Man's estate and the fourth estate

Garfield Higgins

Sunday, October 14, 2018

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An envious person requires no reason to practise envy. — Swahili proverb


After a get-together to celebrate the twelfth wedding anniversary for a long-time friend ended last Sunday, I received a note from an acquaintance: “I want to show you some social media posts,” it said.

During a short but interesting conversation, I scrolled through the posts: “Why are they doing this,” she bemoaned.

The posts contained very unpleasant epithets, characterisations and categorisations of certain international brands that had recently expanded into Jamaica, plus unsavoury comments about some local entrepreneurs.

“You asked me why,” I remarked, “That's who they are.”

“Don't let them thwart your efforts to expand your own business, their enemy-of-the-State narrative is a mirror of them,” I suggested. On that score we parted company.


Antediluvian thinking

It is apparent that a ghost from the 70s is being resurrected by some who foolishly believe that the redistribution of finite resources is superior to the rapid and continual creation of additional resources and the expansion of inclusive conduits of wealth.

One does not need to be an economist to figure that if we do not create and attract new capital then there is less and less resources to redistribute, except through borrowing, and we have seen where that has got us, in the past.

In the 1970s many business people were made out to be villains. They were tagged with the label of rapacious capitalists with a primal interest to rob the masses.

Take this The Gleaner news item from July 28, 1975, entitled 'Jesus, the first socialist' as an example. It said, among other things: “Senator Dudley Thompson yesterday identified Jesus as the first socialist to live on Earth. The best style of socialism to follow is the example set by Jesus Christ, he told the annual conference of the PNP [People's National Party] Central Kingston constituency at Central Branch School.

“Jesus came into the world to change the social structure. He did not drive a big car, did not join the chamber of commerce, was not a company director, and his work was to make life better for other people.

“Jesus also chased the businessmen out of the church where they were transacting business. Senator Thompson added, he was born in a lowly manger and remained poor all his life, disregarding material things.”

I immensely dislike people who glamourise poverty. I dislike even more those who romanticise poverty, while they simultaneously acquire and store up wealth for themselves and their kin. They ensure that their children get the best education that money can buy. Oftentimes they have had the benefit of education and training in First-World countries, but espouse the “suffera mentality” as a badge of honour.

The treacherous behaviour of some amongst us must not get any hiding place.

There is nothing glamorous about living in a shantytown, where guns bark on a daily basis and where large numbers of citizens don't have flush toilets. Hunger pains are not fascinating for those who are stung by it. There is nothing attractive about generations of people living, as we say in local parlance, from “hand to mouth”.

Those who promote forms of economic, political and social dependencies as virtue, whether consciously or subliminally, are involved in the cruel perpetuation of a colonial mentality that does not augur well for this country.

Provided that folks earn their money honestly, we should all be happy for them when they build a nice house or buy “big car”.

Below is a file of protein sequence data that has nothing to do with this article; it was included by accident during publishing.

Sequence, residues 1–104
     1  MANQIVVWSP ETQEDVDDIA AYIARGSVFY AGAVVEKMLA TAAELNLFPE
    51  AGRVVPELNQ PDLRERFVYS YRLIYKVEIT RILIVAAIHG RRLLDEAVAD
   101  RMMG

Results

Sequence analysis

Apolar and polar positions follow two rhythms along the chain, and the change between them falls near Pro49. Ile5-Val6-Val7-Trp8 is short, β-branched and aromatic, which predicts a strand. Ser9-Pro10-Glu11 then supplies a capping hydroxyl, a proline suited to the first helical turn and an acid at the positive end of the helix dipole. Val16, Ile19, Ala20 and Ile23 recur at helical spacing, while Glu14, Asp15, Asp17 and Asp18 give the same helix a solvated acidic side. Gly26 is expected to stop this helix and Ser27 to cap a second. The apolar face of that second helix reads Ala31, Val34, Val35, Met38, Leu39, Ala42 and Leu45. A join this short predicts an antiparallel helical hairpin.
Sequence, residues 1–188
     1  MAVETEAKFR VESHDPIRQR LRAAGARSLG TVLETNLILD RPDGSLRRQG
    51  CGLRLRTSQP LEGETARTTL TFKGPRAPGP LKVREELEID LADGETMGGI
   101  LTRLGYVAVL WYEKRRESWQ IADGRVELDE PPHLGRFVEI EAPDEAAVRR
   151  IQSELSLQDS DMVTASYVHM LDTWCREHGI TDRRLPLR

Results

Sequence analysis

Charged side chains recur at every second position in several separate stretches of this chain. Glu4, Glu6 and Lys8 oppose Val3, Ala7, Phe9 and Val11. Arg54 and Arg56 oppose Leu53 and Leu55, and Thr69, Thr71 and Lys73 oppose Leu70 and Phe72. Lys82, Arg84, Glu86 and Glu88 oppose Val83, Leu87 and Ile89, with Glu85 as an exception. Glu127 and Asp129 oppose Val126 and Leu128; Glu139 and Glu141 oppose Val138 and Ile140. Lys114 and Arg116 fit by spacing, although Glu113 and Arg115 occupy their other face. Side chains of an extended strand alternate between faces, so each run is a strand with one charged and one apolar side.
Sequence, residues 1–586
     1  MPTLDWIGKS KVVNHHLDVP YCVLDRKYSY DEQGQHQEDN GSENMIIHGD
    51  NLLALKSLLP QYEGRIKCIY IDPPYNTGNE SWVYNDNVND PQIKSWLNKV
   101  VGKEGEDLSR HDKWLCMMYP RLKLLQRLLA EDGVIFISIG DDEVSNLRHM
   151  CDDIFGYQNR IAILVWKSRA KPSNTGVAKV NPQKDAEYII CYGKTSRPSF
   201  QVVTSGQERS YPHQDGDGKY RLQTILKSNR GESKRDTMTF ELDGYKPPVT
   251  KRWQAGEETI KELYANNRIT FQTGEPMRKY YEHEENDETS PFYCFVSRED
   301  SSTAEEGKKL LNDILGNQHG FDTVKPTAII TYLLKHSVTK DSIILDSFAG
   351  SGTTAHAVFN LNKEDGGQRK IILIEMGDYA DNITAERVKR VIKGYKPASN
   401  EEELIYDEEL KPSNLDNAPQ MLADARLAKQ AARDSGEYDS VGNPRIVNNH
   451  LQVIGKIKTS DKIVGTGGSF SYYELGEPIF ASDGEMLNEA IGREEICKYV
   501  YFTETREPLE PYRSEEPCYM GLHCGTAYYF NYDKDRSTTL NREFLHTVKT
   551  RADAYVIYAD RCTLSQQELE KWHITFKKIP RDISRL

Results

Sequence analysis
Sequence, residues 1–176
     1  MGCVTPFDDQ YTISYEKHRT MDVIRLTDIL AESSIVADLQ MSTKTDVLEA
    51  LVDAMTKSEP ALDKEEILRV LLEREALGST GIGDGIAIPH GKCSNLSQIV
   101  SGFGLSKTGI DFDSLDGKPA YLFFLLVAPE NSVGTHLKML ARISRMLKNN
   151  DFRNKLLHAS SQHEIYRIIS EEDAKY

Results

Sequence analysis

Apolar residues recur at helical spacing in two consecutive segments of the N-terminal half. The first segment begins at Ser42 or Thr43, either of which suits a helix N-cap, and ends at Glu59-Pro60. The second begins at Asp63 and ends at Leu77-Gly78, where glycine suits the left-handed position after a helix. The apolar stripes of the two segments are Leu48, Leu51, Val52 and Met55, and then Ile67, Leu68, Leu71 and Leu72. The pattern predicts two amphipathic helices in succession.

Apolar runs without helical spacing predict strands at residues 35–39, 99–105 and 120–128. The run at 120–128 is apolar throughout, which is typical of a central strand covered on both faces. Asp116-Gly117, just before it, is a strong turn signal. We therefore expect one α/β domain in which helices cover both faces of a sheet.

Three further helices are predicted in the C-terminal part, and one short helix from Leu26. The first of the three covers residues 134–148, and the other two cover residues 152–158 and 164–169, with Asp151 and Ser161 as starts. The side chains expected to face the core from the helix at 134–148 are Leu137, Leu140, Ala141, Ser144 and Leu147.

I recall many years ago watching The University of the West Indies eminent social scientist and pollster, the late Professor Carl Stone being interviewed on Profile by ace interviewer, the late Ian Boyne.

Stone profoundly noted: “People produce because they want to consume. One of Michael Manley's mistakes was that he thought production was an end in itself.”

So to those who have come by their bread honestly, and you are lovers of coffee or Porsches, go right ahead and enjoy. There is nothing wrong with owning nice things.

Those who would wish to keep us in subjugation are very afraid of ordinary folks getting economic and social independence. They have long recognised, like Alexander Hamilton said, “A power over a man's subsistence amounts to a power over his will.”

To lose sight of this reality is most dangerous.


Precious press freedom

A reader who says she is Jamaican by birth, and lives in Bulgaria, sent me an interesting e-mail last Tuesday. I cannot reproduce any of what she wrote since I have no means of substantiating. She did, also, however, express great admiration for Jamaica's position near the top of the most recent press freedom index.

Recall, “France-based media watchdog Reporters Without Borders has ranked Jamaica sixth on its 2018 World Press Freedom Index — a move two places up from the country's 2017 ranking.” ( Jamaica Observer, April 25, 2018).

Bulgaria was listed at 111 out of 180 countries in the 2018 World Press Freedom Index. There are evidently some pressing concerns about press freedom in that European country.

Recall that, “Bulgarian authorities said investigative reporter Viktoria Marinova was raped and murdered in Ruse, Bulgaria, becoming the third journalist to be killed in the European Union in the past 12 months.” — CNN

There is an increase in violent attacks on journalists globally. According to a December 31, 2017 report by Al Jazeera: “At least 81 reporters were killed doing their jobs in 2017, as harassment and attacks on journalists have been on the rise, according to the International Federation of Journalists.”

We have to nourish and cherish freedom of expression. We cannot risk a return to the dark days of press repression that characterised our politics in the 70s.

In a previous article I provided incontrovertible evidence of how the press was shamelessly attacked by the Manley regime. This Gleaner story, entitled 'PNP raps RJR, Gleaner', is another piece of evidence that indicates how close we came to the brink of losing a most precious treasure. The story said, inter alia: “The local media came in for strong criticism yesterday at the PNP Central Kingston constituency annual conference being labelled as a force of oppression against the masses. The strongest attack came from Health and Environment Control Minister, Dr Kenneth McNeill, who concentrated his criticism on The Gleaner and RJR.